When you’re pulled over for a DUI, you may be asked to take a breathalyzer test. The alcohol breathalyzer test will measure the amount of alcohol in your blood. Many people have heard of thebreathalyzer, but there’s a lot of confusion about what it does exactly and whether or not you should agree to it.
In fact, you may not even know that you’re allowed to refuse the breathalyzer test. While you don’t have to take the alcohol breathalyzer, you may suffer some negative consequences by refusing the breathalyzer.
Before you’re asked to give a breathalyzer test, you’ll usually be asked to perform several field sobriety tests. Only after those seem positive will an officer ask that you take a breathalyzer.
For some states, refusing a breathalyzer test means that you go to jail. It can actually be considered a crime to refuse a breathalyzer test in some states so its important to check the DUI laws in your state. That means that refusing a breathalyzer may cause you to serve more jail time than if you were only convicted for DUI. In addition, in some states when you refuse a breathalyzer it’s considered evidence that you think you’re guilty. As you can see, there are some negative consequences of refusing a breathalyzer.
While many people believe that breathalyzer tests are highly scientific and irrefutable, in reality they’re not 100% accurate. In fact, there have been arguments that the breathalyzer, while very sensitive, yields results that are not specific enough. That means that while they will test positive for the alcohol in your blood, other chemicals may also cause positive results. If this happens your breathalyzer results will be falsely elevated.
Breathalyzers can yield false positives from several medical conditions including diabetes, smoking, and alcoholism. Inhaling other chemicals such as paint fumes can also lead to positive breathalyzer results. As a result, your alcohol breathalyzer test result may not be completely correct.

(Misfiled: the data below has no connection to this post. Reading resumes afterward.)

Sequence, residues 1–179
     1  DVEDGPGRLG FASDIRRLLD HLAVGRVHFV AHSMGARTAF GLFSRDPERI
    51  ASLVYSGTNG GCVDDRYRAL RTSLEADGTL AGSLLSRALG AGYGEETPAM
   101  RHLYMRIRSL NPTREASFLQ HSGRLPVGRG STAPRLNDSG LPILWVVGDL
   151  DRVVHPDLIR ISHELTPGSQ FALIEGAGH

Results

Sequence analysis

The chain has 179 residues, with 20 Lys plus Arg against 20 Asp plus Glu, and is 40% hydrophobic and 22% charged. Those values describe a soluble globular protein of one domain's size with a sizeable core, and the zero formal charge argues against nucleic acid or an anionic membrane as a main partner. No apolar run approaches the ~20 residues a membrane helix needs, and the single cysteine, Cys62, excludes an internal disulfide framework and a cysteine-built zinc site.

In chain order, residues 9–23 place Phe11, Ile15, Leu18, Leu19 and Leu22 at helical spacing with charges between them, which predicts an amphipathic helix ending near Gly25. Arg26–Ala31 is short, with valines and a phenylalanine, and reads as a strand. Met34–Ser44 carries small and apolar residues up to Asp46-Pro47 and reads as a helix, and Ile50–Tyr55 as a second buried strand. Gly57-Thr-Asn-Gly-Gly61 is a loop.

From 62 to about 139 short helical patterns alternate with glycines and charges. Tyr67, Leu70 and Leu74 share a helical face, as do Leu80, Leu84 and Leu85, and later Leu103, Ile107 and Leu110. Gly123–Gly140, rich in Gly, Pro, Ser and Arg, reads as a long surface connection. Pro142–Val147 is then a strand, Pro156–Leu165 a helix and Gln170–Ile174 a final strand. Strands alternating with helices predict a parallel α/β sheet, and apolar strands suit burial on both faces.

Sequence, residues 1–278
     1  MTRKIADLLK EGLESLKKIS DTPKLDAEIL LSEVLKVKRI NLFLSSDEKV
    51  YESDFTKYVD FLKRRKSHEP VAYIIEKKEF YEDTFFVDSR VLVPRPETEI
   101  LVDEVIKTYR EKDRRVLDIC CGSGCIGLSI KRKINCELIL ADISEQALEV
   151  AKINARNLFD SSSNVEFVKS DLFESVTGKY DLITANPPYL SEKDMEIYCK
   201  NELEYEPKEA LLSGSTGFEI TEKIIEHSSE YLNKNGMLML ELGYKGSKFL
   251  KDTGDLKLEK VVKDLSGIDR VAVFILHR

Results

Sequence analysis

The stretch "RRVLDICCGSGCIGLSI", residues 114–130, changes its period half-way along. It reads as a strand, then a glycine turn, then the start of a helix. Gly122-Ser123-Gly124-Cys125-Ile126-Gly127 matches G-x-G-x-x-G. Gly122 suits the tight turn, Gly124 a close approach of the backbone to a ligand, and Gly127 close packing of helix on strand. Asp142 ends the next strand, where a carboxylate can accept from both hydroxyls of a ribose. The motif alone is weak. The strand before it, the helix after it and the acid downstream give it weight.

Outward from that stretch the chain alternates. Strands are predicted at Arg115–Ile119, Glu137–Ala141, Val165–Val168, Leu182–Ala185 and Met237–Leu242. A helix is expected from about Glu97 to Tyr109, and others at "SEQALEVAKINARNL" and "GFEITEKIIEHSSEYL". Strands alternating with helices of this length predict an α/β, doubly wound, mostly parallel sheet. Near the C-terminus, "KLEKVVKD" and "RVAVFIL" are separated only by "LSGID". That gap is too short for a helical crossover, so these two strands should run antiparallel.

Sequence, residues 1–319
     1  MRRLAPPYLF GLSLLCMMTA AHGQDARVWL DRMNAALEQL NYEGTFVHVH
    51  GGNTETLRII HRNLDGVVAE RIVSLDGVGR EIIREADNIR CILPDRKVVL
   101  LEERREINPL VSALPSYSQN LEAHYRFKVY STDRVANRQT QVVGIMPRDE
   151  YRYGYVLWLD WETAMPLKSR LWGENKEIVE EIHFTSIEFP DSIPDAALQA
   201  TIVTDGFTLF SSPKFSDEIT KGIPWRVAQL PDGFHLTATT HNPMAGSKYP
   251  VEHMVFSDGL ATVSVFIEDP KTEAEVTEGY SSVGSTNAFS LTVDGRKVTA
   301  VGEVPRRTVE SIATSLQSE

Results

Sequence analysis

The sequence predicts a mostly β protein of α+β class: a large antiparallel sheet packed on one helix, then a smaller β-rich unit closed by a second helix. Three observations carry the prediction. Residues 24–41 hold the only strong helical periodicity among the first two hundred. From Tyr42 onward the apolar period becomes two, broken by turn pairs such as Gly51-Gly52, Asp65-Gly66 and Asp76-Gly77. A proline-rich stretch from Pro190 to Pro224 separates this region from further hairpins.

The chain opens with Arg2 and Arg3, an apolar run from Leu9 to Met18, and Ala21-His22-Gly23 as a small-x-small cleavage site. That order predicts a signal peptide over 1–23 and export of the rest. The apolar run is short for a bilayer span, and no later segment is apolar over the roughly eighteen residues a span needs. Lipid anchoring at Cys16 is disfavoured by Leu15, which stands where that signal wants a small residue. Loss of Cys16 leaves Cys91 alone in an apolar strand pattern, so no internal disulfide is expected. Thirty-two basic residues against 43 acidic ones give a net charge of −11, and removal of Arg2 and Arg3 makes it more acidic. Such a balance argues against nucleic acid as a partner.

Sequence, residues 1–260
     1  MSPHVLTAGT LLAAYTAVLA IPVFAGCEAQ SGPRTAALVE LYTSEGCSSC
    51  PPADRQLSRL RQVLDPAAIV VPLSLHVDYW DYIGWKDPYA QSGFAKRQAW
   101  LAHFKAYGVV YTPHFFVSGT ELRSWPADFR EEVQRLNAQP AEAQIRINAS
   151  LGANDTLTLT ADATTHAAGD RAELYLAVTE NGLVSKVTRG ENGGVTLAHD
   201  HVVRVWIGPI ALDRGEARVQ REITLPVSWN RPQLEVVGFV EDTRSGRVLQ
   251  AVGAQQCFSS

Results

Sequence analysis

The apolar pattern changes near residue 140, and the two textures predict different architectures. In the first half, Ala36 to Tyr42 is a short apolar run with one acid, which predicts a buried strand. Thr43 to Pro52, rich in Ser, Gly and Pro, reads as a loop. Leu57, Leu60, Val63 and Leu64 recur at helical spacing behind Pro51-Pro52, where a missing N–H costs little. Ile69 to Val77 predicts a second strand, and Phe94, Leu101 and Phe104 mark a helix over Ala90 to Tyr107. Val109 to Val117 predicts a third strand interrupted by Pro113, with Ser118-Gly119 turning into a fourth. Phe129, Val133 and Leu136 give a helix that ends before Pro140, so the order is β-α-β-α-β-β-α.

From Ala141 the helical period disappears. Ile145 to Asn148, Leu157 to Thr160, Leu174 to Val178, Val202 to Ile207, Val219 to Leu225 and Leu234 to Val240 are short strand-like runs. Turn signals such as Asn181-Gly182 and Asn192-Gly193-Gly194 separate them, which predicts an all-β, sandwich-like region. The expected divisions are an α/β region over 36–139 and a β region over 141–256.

Often a positive breathalyzer result will lead to another test. Alcohol levels can also be determined from testing your urine or blood, not just from a breathalyzer. These tests are more specific and are preferred as evidence in court. These tests are used to confirm what was found in the alcohol breathalyzer before proceeding with a conviction.
When you’re asked to take a breathalyzer test, you do have the right to refuse. However, you should think about the consequences of refusing. If you’re in doubt about whether to take a breathalyzer, you can always ask to speak with your lawyer. At that point the police will end all testing, including the breathalyzer. However, you’ll still be booked for the DUI. If you’re confident that you’re below the legal limit, you can take the breathalyzer test and then you’ll be free to go if you’re below the limit.
There are actually 2 different times when you are asked to submit to a breath test after you are stopped for suspicion of DUI. The first breath test is administered on the side of the road and is called a PASS test. PASS stands for Preliminary Alcohol Screening System. This test is not required and you do not have to submit to it. There is no penalty involved if you politely decline to take this PASS breath test.
The 2nd breath test is the mandatory one. This breath test is administered at the police station by a machine called the Intoxilyzer 5000. If you decline to take this test you will automatically lose your driving privileges for a mandatory 1 year in most states.
For more information on the Intoxilyzer 5000 see this brochure: Intoxilyzer 5000
For more information on the Intoxilyzer 5000 test Intoxilyzer Test